Between my strength-training posts and Strong Woman Radio, I receive many comments that start something like this, “I would love to weight-train, but __________”, and the common ‘fill in the blank’ details are bad knees, bad back, previously injured shoulder, lifetime of obesity, scared of the weight room…..you get the point, the list can go on and on. So many are intrigued by the idea, but overwhelmed by where to begin.
While I have shared my feedback from my own journey on how I got started, a professional from the industry can offer deeper insights into the nuances that can help you take that first step into strength training. And the perfect person to help you with the process? Ashley, of Livin Paleo, who is both a foodie and a CrossFit athlete and national weightlifting competitor. She holds a special place in my heart as someone who knows both food and training, and after you read the post below, you will quickly see why I adore her! Also, her Beaver Bites are delicious egg protein bars I love and recommend as a good snack for active people – the kids love them too!
Regardless of your current fitness level, if you have ever spent a second tempted by the heavy metal of the weight room, read the post below. It will clear up that overwhelming feeling on where to begin!
Performance and nutrition go hand in hand, so when I was asked to write a guest post about strength training for Paleo Parents, I thought it was an awesome idea. I love chatting about fitness and nutrition and sharing the things I’ve learned. I’m passionate about strength training and consuming a healthy diet, and I also enjoy sharing delicious, healthy and simple recipes.
Simple recipes tend to be the main focus of the majority of my blog posts for the simple fact that I don’t have a lot of time to cook and I want to share with people that it’s still possible to eat healthy. Most of my day is spent in the gym training and I do my best to prepare meals that will fuel my workouts. I love cooking and I love eating, but most importantly I love seeing my strength and performance improve and my diet plays a huge roll in that.
I could go on about nutrition and paleo and how to fuel your workouts properly, but I’m here to talk about strength training, so I’ll have to save that for another time.
I’ll just leave you with a few links to some of my favorite recipes to check out later. They’re quick, easy and nutrient dense to fuel your workouts and help you recover:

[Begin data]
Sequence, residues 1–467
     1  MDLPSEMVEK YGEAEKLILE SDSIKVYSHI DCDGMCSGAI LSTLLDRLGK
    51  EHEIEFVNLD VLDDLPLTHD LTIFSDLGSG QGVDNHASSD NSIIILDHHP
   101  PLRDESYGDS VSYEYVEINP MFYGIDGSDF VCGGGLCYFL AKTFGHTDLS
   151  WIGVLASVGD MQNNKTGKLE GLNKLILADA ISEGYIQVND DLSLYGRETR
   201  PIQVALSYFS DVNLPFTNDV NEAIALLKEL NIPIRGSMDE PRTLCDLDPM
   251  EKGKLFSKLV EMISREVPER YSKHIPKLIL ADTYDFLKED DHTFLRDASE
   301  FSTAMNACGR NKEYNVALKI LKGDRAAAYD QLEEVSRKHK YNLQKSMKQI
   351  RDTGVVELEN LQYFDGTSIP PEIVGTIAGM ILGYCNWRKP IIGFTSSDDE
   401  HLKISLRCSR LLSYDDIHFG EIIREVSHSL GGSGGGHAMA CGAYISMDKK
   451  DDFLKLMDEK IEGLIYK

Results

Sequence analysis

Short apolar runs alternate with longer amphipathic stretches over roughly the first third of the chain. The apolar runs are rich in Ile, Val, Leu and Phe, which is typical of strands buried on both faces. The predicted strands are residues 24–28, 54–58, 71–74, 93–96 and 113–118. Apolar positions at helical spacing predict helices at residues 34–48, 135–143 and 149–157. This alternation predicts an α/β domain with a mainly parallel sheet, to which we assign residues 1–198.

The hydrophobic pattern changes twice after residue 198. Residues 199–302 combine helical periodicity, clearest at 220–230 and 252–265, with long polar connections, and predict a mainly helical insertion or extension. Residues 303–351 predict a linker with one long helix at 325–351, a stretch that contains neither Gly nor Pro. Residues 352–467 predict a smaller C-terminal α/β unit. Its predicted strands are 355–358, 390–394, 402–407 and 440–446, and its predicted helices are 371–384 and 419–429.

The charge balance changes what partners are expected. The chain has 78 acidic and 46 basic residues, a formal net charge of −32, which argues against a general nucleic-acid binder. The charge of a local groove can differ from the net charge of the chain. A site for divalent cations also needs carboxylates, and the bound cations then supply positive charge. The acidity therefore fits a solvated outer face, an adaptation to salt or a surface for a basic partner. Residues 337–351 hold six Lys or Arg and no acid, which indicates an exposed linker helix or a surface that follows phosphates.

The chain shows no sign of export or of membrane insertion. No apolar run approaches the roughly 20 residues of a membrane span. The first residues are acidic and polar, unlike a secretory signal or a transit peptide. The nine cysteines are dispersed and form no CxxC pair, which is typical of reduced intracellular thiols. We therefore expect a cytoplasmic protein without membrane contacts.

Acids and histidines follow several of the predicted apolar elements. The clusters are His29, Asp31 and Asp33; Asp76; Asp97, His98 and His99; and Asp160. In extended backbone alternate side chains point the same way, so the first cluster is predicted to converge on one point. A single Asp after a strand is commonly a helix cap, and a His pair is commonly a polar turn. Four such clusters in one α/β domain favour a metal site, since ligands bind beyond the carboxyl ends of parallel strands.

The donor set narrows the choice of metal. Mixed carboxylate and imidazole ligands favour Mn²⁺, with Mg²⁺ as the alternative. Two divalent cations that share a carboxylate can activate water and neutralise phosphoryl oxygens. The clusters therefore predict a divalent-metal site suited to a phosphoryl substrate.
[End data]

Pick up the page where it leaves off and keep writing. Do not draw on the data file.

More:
Strength training is something I love. It’s something I’m passionate about and it’s part of my daily life. Have you considered starting a new strength program this year? Or are you interested in starting one for the first time? There’s certainly a lot out there and it may be hard to choose one. And how do you know which one is right for you? As both an athlete and a coach, the programs I’m going to mention are ones I follow and coach and truly believe in.
My powerlifting coach Mark Bell once said, “no one ever regretted getting stronger” and I couldn’t agree more. Getting stronger is fun. Training is fun. But training can also be hard. That’s why we set goals and make a plan to achieve them.
If you follow Stacy you might be interested in Strongman, and if you follow me you might be interested in CrossFit. Or maybe you’re into weightlifting or powerlifting. And maybe you’re not into any of these things but you would like to get healthier and stronger. When I first started training I just wanted to look good and feel good, and I’ve trained a lot of people with similar goals. My passion for health and fitness has driven me to coach others and to compete in the sport of CrossFit and Weightlifting.
What’s the best way to get started?
If strength training is something new for you, I’d highly recommend finding a gym in you’re area that offers strength and conditioning. Lifting heavy weights is technical and if you aren’t properly trained you can injure yourself. Seek out a gym in your area with trainers who offer weightlifting, powerlifting, strength and conditioning, strongman or CrossFit. Learn how to move and pick up weights properly. If you’re already a veteran weightlifter then I’d love to share what I’ve learned with you and help you get started on a new strength program to achieve your goals.
For CrossFit Athletes: